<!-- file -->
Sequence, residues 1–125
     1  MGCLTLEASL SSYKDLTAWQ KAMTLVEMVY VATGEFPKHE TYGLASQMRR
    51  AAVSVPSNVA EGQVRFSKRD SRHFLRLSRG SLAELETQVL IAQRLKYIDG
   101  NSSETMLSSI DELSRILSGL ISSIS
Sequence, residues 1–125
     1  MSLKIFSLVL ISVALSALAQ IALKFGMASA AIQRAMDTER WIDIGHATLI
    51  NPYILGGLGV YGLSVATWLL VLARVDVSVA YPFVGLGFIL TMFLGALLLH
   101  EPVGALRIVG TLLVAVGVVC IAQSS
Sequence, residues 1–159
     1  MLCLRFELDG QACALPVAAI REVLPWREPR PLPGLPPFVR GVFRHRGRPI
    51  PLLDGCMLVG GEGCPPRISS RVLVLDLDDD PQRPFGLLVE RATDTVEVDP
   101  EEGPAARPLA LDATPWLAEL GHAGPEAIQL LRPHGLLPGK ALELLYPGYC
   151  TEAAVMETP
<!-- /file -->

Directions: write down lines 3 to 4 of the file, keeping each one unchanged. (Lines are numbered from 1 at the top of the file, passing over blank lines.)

    51  AAVSVPSNVA EGQVRFSKRD SRHFLRLSRG SLAELETQVL IAQRLKYIDG
   101  NSSETMLSSI DELSRILSGL ISSIS